When Hurricane Katrina struck the Gulf Coast in 2005, Feed The Children self-reported sending over 650 semi tractor-trailers totaling more than 20,000 tons of donated food and relief supplies. Between the September 11, 2001, attacks on the United States and the South Asian tsunami in December 2004, Feed The Children self-reported sending more than 15,500 tons of food and relief supplies to the affected regions.

U.S. programs

Feed The Children domestic programs are focused on distributing essential items to needy families. Corporate partners donate surplus food and other supplies. Feed The Children's wholly owned for-profit subsidiary, FTC Transportation, Inc., picks up in-kind contributions from corporate warehouses and brings them to one of five Feed The Children regional distribution centers. The supplies and boxes are then delivered to pre-approved, independent partner agencies that, in turn, distribute the supplies through over 50,000 feeding centers, homeless shelters, churches and various other organizations located in communities across the U.S.[8]

International programs

Feed The Children's international programs focus on providing food, medical assistance, emergency relief and sustainable development. Recent international efforts include the Abandoned Baby Center (ABC) in Nairobi, Kenya, which provides medical treatment and safe haven for children who have been orphaned or abandoned by poverty and the AIDS epidemic. Other international projects funded by Feed The Children include medical mission trips. Another example of an international project funded by Feed the Children is the "Casa del Niño" (House of the child) in Barrio Ingles, La Ceiba, Honduras. In 2009 FTC has greatly expanded its program in Malawi. Using in-kind donations from Nuskin, Inc, 50,000 orphans and pre-school children, mostly in rural areas, receive a fortified porridge, VitaMeal.[9] Feed The Children has received an $8.5 million grant from the USAID as part of a 5-year, $20 million project for orphans and vulnerable children that will improve food security and access to nutrition, education, clean water, sanitation and sustainable agricultural development for 40,000 households and over 70,000 children impacted by HIV/AIDS in Malawi. The Tiwalere OVC Project, in full operation in 2011, will make Malawi the largest international program.[10]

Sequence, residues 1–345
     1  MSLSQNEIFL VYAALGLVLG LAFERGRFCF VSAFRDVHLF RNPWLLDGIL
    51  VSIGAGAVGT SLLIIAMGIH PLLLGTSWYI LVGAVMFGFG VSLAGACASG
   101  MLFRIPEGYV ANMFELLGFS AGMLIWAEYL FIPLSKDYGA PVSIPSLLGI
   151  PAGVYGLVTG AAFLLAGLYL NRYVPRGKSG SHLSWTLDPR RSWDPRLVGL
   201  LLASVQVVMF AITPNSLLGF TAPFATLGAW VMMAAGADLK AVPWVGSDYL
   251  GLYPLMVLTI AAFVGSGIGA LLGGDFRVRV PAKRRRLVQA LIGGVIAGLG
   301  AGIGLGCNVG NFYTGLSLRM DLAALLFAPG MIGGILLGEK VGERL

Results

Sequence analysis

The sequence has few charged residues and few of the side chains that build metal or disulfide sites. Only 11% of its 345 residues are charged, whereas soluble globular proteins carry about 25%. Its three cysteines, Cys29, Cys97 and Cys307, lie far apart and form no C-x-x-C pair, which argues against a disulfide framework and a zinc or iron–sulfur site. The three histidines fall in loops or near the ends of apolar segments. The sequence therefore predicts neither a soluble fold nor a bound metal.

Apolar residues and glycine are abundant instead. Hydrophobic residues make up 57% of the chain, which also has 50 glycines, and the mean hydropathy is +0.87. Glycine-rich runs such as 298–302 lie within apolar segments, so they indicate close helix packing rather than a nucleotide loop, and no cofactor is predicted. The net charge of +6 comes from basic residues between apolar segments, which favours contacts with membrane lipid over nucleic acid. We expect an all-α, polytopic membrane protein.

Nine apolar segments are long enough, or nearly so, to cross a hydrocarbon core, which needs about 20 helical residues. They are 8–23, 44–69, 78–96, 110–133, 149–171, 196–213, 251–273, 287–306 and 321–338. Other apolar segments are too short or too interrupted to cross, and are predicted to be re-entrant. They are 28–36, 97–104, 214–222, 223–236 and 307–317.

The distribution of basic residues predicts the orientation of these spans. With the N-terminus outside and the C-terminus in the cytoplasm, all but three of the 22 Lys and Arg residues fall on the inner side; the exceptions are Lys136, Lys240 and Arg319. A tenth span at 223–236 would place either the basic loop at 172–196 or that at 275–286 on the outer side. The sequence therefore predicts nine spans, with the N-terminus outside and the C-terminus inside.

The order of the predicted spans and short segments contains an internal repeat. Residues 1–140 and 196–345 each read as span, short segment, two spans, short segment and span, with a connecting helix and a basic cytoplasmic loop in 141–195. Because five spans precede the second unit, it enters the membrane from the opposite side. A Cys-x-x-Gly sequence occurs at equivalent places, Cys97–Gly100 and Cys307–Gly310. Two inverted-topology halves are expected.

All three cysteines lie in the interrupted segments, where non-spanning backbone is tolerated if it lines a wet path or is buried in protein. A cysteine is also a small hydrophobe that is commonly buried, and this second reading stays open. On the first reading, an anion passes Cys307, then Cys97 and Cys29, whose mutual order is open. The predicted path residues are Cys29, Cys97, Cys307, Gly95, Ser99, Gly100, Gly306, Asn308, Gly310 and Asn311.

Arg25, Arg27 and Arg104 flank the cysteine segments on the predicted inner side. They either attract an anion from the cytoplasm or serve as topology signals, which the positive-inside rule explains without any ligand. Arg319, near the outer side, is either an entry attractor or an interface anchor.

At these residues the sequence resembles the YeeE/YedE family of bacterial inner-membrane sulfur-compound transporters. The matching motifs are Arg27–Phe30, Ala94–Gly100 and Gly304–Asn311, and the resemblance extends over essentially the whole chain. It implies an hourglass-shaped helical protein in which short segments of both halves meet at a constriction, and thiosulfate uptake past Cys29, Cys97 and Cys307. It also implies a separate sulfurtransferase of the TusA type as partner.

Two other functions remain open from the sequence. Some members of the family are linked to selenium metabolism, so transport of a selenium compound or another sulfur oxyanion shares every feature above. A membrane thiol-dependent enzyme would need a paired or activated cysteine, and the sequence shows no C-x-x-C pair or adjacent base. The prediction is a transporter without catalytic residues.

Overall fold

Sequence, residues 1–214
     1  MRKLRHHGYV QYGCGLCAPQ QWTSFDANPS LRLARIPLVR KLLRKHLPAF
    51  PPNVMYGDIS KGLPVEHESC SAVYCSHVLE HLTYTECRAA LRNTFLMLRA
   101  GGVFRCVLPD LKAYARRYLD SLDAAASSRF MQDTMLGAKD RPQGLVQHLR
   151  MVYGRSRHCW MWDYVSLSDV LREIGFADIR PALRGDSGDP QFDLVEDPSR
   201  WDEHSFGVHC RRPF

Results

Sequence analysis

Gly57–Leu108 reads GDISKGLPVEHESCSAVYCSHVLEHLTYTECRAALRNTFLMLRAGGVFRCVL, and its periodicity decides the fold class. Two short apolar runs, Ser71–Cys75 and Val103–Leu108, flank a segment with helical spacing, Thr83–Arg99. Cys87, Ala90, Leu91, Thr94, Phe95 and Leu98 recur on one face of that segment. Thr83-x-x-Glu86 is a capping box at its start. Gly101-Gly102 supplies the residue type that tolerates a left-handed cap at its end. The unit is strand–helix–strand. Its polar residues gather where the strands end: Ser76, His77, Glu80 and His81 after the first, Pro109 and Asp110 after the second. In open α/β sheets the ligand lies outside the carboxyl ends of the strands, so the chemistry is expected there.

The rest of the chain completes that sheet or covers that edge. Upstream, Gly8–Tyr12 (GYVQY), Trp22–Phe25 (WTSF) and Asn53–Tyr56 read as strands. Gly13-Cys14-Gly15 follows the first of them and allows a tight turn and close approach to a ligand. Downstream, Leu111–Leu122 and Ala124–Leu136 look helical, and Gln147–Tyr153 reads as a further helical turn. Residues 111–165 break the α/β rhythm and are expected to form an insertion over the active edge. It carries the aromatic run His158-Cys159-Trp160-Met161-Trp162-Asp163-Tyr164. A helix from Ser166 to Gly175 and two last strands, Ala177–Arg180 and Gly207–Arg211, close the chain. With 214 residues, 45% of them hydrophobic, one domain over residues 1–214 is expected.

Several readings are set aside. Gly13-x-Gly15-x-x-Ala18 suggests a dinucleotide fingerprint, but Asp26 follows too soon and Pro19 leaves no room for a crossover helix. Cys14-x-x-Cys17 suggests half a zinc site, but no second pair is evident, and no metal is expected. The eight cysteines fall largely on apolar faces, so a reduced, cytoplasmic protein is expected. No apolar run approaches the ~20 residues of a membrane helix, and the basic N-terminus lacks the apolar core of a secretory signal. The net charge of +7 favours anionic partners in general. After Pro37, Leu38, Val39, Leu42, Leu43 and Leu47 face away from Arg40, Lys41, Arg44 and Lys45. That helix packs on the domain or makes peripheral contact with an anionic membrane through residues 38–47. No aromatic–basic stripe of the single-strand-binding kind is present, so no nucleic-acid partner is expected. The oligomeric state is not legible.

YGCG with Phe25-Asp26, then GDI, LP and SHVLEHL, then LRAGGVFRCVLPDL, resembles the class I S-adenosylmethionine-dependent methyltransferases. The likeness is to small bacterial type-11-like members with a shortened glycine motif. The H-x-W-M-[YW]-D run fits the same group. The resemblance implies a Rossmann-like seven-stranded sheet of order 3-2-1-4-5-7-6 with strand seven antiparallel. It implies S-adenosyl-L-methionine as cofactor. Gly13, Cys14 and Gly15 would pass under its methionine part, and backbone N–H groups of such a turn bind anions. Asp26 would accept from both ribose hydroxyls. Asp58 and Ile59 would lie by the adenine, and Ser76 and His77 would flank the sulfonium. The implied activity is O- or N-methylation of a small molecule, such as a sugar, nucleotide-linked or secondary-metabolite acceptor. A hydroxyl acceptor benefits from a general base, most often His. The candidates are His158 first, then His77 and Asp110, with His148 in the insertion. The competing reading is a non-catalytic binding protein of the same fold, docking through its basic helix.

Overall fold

Financial accountability

According to FTC, in 2011, 86% of its budget went to program services (childcare, food, medical, disaster relief, education and community development).[11] 9 percent went to fund raising and 5 percent went to management and supporting services.

Leadership dispute

After a lengthy leadership dispute between founder Larry Jones and the board and top executives of the charity, Jones agreed to give up operational control in August 2009. On November 6, 2009, the board voted to fire Jones from his position as president. On January 28, 2011, Jones and Feed The Children announced a resolution of the legal dispute. Jones is no longer associated in any way with Feed The Children [12] On June 4, 2012, Kevin Hagan, formerly with Good360, became the president and CEO of Feed The Children.


See also

References

External links